1 February 2012

Authors

Philip Hanson

Professor Philip Hanson OBE

Associate Fellow, Russia and Eurasia Programme
James Nixey

James Nixey

Head, Russia and Eurasia Programme
Lilia Shevtsova

Lilia Shevtsova

Associate Fellow, Russia and Eurasia Programme, Chatham House
Andrew Wood

Sir Andrew Wood

Associate Fellow, Russia and Eurasia Programme

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  • Vladimir Putin’s return to the presidency is intended to preserve the ruling system he created in 2000. But the inability of Russia's elite to cope with new social and economic pressures means that continuity will endanger Russia's stability.
     
  • Change from within Russian society may come through as yet unseen professionals of the post-Soviet Russian generation. Failure to change could lead to disintegration which itself would be a blow to a future society based on liberal-democratic principles.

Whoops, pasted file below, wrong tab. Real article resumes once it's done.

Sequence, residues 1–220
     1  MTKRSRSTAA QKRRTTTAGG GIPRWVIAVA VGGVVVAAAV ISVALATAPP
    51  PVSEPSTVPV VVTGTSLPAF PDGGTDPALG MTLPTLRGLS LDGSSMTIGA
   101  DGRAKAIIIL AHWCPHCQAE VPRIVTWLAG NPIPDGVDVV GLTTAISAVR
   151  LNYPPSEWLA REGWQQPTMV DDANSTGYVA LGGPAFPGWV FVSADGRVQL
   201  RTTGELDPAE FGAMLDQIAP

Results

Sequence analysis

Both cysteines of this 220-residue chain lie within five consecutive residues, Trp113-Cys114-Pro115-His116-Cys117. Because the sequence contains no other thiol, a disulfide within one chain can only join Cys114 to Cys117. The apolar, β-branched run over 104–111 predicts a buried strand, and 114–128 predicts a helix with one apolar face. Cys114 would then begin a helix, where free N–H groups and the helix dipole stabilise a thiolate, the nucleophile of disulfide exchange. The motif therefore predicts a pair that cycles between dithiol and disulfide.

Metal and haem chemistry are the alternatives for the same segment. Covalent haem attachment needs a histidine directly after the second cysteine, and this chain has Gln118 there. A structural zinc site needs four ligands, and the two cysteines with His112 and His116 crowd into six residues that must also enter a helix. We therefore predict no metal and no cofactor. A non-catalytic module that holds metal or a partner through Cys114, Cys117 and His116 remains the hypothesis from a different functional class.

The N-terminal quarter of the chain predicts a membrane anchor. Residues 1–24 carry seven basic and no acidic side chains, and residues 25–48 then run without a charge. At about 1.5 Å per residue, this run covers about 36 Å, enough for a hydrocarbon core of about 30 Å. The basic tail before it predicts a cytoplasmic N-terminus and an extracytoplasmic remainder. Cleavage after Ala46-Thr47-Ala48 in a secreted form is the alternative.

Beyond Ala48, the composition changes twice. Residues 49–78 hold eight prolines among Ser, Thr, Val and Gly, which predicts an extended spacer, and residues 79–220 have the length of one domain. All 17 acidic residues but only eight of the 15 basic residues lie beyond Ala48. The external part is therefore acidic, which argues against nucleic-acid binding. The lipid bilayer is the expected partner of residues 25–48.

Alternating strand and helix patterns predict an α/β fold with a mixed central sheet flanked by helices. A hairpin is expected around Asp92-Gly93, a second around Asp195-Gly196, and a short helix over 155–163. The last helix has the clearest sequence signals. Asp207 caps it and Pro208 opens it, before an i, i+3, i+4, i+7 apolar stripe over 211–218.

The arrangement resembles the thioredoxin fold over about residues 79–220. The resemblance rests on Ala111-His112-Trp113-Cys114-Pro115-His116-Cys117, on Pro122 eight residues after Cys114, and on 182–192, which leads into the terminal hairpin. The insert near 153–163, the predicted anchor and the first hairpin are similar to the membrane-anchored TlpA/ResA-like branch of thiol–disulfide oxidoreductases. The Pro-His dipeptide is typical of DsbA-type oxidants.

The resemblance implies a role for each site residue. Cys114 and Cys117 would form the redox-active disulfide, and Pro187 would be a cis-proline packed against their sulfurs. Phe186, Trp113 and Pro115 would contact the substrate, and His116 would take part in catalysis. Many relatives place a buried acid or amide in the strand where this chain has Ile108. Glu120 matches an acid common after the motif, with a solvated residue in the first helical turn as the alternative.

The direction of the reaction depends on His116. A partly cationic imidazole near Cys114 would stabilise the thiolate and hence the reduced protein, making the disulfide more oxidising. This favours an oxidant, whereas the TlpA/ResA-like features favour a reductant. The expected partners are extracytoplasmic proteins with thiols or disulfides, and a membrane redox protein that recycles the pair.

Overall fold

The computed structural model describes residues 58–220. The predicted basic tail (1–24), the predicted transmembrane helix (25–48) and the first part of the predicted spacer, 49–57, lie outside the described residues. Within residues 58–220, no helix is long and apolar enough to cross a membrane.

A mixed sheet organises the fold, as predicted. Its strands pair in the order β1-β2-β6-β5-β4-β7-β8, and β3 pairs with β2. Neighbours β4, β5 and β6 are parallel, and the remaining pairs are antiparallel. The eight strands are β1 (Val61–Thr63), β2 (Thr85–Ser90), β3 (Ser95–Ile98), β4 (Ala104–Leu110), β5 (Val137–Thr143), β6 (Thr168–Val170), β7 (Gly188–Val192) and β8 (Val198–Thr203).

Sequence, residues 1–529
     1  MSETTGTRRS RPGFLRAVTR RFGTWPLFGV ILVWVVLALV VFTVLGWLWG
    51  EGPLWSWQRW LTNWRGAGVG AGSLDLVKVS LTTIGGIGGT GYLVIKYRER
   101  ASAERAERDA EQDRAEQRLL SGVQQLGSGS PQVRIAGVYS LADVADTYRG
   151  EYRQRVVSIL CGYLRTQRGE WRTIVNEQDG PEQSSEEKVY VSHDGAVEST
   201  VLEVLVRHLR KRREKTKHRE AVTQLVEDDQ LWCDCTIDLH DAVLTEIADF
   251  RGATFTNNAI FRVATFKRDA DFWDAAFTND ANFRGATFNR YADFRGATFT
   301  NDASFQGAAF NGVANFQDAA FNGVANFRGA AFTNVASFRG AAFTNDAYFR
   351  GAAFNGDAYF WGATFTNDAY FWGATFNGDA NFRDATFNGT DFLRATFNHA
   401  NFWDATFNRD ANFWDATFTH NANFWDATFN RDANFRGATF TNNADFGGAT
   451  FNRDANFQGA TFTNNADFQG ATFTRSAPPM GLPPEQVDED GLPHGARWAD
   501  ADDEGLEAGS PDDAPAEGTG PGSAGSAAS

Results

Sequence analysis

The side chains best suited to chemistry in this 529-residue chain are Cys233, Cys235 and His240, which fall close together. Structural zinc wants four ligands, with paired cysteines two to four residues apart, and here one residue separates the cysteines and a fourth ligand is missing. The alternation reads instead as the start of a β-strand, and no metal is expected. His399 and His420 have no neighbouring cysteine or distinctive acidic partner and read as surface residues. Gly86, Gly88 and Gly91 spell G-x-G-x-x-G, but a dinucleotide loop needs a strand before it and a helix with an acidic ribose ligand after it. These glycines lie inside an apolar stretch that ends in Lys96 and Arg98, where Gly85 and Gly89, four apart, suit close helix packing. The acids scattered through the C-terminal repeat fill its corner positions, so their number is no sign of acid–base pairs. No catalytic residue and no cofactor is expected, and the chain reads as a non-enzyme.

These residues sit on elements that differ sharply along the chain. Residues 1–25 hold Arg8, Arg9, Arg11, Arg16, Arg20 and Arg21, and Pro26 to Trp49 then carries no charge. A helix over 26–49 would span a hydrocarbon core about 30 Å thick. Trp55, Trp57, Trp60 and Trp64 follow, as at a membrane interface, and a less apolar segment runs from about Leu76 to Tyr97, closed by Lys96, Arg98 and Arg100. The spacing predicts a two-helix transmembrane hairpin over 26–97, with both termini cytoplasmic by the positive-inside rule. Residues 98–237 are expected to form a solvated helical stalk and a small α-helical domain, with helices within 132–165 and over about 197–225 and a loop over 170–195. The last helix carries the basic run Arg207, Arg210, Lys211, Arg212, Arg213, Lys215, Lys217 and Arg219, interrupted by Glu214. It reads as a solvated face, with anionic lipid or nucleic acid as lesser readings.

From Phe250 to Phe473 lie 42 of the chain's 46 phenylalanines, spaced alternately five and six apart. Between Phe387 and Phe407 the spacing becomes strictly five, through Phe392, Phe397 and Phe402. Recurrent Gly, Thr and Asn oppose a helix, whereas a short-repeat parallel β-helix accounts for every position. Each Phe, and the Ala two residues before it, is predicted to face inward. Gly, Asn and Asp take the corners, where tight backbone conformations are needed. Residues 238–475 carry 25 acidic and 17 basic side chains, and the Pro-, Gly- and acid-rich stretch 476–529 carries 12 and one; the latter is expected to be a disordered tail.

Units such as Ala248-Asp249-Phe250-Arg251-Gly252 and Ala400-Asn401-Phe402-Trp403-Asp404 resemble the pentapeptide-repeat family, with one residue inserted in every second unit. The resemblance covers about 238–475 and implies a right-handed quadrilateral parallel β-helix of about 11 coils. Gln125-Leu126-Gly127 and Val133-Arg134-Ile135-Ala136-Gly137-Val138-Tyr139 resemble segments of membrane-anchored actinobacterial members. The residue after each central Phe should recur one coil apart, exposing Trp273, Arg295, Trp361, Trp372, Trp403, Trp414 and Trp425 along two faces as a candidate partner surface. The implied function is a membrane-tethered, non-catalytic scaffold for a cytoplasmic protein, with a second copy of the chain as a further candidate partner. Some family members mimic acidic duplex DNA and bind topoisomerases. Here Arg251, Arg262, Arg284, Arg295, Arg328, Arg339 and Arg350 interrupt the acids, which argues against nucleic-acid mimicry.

• Russia's economy is not yet in decline. But the indicators and inherent weaknesses – such as a reliance on energy prices, a falling demographic and corruption – suggest that decline is probable in the medium term. 
     
  • Russia's foreign policy is weaker – less influential – than it has been at any time since the Yeltsin years. A lack of true friends and a default position of opposing the West at every turn give Russia poor returns for its loud voice on the international stage. 
     
  • The West should reassess its understanding of the nature and trajectory of Russia. Relationships should be based not upon the personal relationships between leaders, but upon a set of guiding principles based upon generally accepted international norms and values.

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